Noack Organ Company Open House
5 January 2008
NEMES President Dick Boucher announced a the 3 January meeting that the organ builder down the street from his house would be hosting an open house on the 5th to show off their latest achievement before it was broken down for shipping to Lacrosse Wisconsin. The organ will be installed at the shire of Our Lady of Guadalupe in Lacrosse.
The organ, which is selling in the $850,000 range is a true work of art. The wood work is magnificent and the sound of the instrument is just outstanding. There are about five full time employees at the company and a number of outside vendors who supply various parts and pieces. Some of the fancy wood working is supplied by a company in Michigan which does the work with a CNC router. Dick Boucher manufactures parts in his basement shop so he is a part of this.
Some video clips will be coming soon as well as some photos from Norm Jones.
The gentleman on the left is the owner of Noack Organ and chatting with him are Henry Szostek, Norm Jones (wearing the hat) and Norm's wife Leslie.
Norm, Leslie and my wife Terri (in the red check jacket)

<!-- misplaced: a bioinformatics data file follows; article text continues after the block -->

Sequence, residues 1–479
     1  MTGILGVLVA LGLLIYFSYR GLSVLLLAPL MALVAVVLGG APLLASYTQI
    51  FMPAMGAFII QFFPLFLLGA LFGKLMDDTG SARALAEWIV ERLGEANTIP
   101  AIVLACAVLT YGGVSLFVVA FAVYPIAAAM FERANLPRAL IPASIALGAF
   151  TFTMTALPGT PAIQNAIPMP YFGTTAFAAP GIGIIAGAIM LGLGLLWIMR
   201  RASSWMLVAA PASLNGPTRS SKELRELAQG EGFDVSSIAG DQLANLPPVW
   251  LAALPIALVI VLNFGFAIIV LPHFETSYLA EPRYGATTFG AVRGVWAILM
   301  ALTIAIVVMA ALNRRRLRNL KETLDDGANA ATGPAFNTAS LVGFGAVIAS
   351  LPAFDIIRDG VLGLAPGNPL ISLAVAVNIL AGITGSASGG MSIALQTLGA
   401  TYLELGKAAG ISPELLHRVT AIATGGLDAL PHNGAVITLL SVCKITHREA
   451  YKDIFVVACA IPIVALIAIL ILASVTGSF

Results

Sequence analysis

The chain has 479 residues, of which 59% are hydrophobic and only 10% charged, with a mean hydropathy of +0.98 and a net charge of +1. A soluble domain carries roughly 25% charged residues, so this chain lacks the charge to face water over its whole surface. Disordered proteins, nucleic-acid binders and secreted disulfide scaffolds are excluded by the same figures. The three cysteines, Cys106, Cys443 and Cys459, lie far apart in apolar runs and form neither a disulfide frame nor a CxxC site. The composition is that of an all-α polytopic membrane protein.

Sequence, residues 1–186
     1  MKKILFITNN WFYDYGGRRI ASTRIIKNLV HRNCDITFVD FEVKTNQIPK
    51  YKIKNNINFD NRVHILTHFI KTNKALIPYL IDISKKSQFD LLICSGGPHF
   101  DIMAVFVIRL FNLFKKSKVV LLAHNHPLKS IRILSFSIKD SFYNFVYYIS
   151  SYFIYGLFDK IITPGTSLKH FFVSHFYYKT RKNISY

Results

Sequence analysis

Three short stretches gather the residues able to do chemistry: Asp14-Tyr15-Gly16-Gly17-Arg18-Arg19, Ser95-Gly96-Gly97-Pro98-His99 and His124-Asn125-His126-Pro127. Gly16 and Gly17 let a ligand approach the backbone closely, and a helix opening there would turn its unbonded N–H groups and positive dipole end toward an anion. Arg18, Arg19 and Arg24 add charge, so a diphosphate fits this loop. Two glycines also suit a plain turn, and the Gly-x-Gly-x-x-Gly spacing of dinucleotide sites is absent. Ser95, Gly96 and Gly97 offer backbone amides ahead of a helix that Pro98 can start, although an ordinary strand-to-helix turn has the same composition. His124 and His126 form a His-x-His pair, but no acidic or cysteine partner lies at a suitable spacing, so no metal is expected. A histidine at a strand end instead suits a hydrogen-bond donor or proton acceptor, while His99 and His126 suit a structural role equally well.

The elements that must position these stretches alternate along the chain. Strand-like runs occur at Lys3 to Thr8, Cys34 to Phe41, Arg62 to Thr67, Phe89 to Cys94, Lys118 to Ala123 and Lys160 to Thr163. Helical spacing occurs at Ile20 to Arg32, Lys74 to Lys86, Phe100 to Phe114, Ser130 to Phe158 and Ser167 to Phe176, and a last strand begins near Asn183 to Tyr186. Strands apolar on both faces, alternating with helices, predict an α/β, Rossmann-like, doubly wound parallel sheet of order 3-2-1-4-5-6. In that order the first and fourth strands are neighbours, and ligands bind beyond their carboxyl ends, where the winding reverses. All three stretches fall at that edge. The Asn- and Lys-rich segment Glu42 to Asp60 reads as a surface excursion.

A forest of Forstner bits
I don't know what the blocks are but the sure are beautifully crafted.
This is the main pipe structure.
This view from the "voicing" loft. Top of the small pipe housing
As you enter the section of the building where the organ is assembled to the left is the picture above and to the right is the keyboard consol and the housing for the smaller pipes.
There were several organists demonstrating the instrument during the open house
Main case wood work
This cluster of pipes are waiting their turn to be part of a great thing of beauty
The is the blower that powers the organ. The air chest on the right acts a reservoir to supply air when the big pipes are booming.
The pipes look crinkly because they are wrapped in a thin plastic sheet to protect them during handling.
Left, steel rack for the odd bits that are not wood. Right, I thought these were mallets of varying sizes but when I picked one up I discovered that they are ladles for pouring hot metal.
Return to NEMES homepage